July 26, 2022Even after 25 years I’m not sure what an actus is – a cactus without a K maybe? Some bands like unusual names and this was one of them. I once sat with the guys from Aktus in the backstage area of Club Hafenklang on Grosse Elbstrasse in Hamburg until the early hours. I was there with my first Berlin band, barely two years after I moved to Germany with my parents.
I bought Haydamaky’s first album when I was visiting Ukraine in the early 2000s. I loved their mix of Ukrainian folk, hard guitar riffs and reggae/ska rhythms. There was a band photo on the back of the CD and I was amazed to find that I already knew the musicians – those were the guys from Aktus, they obviously changed their name..
With their sound, Haydamaky pioneered the Ukrainian New Wave in the early 2000s. I liked to play their songs at my parties, the band often toured Europe. Then their singer left, and the rest of the musicians decided to continue under a new name.
Kozak System had everything that made Haydamaky, only they were louder, heavier, faster. On their first record the guys interpreted Motörhead’s “Ace Of Spades” – after this version I can’t listen to the original anymore, it sounds somehow powerless to me.
From the beginning they only sang in Ukrainian. In 2015 they released an angry song called “Fuck Off Manifest” which started out as a Balkan pop number but then evolved into heavy polka punk smash. “Fuck the Slavic brotherhood and friendship/ Fuck the common belief/ Fuck discounts on gas and other lies/ Your great literature/ Your architecture, sculpture/ Your prison subculture”.
I found the text too aggressive and even wrote to the musicians at the time. “Hey yeah it’s gross but that’s the way we are right now,” they wrote back, “that’s how we think it’s right.” When I hear the song now, six years later, it seems almost gentle to me.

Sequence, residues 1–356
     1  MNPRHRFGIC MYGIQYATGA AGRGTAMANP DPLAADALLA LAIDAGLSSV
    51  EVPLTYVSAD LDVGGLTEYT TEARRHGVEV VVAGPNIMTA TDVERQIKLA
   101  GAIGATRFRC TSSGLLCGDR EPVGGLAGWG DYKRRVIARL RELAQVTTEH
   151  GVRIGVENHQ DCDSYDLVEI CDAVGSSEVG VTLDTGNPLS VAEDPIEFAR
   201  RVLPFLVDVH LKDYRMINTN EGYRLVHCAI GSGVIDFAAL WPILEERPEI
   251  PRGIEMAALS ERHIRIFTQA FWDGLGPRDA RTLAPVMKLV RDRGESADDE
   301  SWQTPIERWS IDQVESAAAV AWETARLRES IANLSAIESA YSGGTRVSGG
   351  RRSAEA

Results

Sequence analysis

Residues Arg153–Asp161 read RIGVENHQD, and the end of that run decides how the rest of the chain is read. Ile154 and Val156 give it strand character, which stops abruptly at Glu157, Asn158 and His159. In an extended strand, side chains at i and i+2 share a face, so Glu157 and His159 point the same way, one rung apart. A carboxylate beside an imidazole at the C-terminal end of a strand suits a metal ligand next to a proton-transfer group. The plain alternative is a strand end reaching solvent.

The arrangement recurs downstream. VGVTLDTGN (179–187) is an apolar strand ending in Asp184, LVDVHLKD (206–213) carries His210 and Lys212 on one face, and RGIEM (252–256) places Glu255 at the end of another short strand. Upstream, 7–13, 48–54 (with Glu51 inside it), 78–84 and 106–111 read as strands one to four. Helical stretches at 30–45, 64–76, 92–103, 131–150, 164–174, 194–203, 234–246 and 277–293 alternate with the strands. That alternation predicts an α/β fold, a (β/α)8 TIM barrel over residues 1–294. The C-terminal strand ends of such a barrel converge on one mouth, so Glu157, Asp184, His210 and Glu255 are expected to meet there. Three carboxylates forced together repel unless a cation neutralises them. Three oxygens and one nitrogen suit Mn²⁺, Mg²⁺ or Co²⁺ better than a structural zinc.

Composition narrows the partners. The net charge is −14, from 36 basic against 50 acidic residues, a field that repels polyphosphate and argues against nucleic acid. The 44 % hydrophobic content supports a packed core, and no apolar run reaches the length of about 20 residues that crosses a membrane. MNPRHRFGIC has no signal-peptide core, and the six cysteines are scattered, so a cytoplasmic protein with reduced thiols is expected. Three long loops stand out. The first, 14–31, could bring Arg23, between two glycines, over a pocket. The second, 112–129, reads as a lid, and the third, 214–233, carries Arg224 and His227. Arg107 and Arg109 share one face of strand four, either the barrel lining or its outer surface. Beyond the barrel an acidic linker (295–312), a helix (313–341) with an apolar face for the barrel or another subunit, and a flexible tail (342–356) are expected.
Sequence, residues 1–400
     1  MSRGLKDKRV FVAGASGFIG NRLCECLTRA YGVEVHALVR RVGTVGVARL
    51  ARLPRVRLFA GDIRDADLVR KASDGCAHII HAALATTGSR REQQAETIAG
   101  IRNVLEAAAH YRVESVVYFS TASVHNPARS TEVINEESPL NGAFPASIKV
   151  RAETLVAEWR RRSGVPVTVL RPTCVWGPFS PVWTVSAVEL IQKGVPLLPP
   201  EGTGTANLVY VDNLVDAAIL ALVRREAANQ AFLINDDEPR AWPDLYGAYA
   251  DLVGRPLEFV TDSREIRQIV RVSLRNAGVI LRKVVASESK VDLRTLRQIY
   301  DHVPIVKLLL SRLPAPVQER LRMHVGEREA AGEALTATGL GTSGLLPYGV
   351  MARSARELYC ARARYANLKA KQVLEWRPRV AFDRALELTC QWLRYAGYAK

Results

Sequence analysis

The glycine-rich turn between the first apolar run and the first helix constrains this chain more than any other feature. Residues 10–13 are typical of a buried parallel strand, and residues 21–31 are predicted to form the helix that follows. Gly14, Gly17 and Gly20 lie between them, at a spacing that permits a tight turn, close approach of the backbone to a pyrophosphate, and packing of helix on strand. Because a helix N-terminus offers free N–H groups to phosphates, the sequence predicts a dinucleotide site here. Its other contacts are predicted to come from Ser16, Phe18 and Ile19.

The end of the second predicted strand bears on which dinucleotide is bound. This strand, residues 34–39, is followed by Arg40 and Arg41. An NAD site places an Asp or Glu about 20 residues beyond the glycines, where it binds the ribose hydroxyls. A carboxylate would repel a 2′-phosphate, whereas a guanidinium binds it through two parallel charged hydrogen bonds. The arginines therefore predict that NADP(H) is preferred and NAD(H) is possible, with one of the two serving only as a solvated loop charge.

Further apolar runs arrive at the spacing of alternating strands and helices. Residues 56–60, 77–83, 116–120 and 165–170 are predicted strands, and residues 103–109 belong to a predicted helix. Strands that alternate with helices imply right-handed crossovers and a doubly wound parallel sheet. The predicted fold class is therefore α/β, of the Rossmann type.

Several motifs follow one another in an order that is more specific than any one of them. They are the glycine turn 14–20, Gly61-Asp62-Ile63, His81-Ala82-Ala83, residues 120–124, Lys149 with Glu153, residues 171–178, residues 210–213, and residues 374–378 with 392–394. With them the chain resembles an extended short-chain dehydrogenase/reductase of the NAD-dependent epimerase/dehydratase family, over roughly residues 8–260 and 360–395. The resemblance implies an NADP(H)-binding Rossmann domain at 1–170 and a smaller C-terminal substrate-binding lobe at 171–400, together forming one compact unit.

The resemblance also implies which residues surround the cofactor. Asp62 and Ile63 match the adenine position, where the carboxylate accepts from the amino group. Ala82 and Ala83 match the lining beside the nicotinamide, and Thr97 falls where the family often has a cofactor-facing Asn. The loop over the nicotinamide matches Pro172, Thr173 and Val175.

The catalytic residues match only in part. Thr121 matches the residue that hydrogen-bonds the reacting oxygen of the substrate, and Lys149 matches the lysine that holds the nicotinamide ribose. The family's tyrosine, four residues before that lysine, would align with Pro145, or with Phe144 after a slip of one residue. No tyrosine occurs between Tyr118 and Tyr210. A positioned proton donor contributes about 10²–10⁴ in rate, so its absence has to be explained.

At the end of February, Ivan Lenyo from Kozak System volunteered with the Kiev patrol police. On new Facebook pictures you no longer saw him in colorful stage clothes, but in a uniform. Instead of an accordion, he often had a gun in his hand.
And when the band played again, it was no ordinary concert – the musicians went to the front and performed in front of the soldiers. In mid-July they received permission to leave the country from the Ukrainian Ministry of Culture and are currently on a tour of Europe with the aim of collecting donations for the Ukrainian army.
A street concert for Kozak System was also organized in Berlin in a few days: Early on Sunday evening, Ukrainians* gather at Hackescher Markt, more and more come from all directions. Friends of mine are there, but most of all there are new faces, lots of new faces. The lady standing behind me whispers to her companion: “Actually, it’s not my music, but I thought it would be a good opportunity to meet again.” Two minutes later, the two are crying.
Even if some recognize the songs, are happy about them and sing along loudly, the mood often fluctuates – from euphoria to deep sadness. There is laughing, crying and dancing. When Ivan addresses his Berlin audience, it’s not the usual speeches like “It’s nice to be back here” or “Berlin, are you okay?”.
He tells how the Ukrainian fighters are doing at the front and invites German Russia fans to visit Butscha, Irpin and Hostomel. His tone is sometimes sharp, he may be a bit tired, but he still comes across as strong – and optimistic despite everything. And when he smiles, everyone in the audience smiles too.
Performances by Ukrainian bands today are very different than they used to be. Much more than just concerts, they are reminiscent of group therapy meetings. I’m happy to have experienced it – and at the same time wish myself and the audience never had to have experienced it. Not for this reason.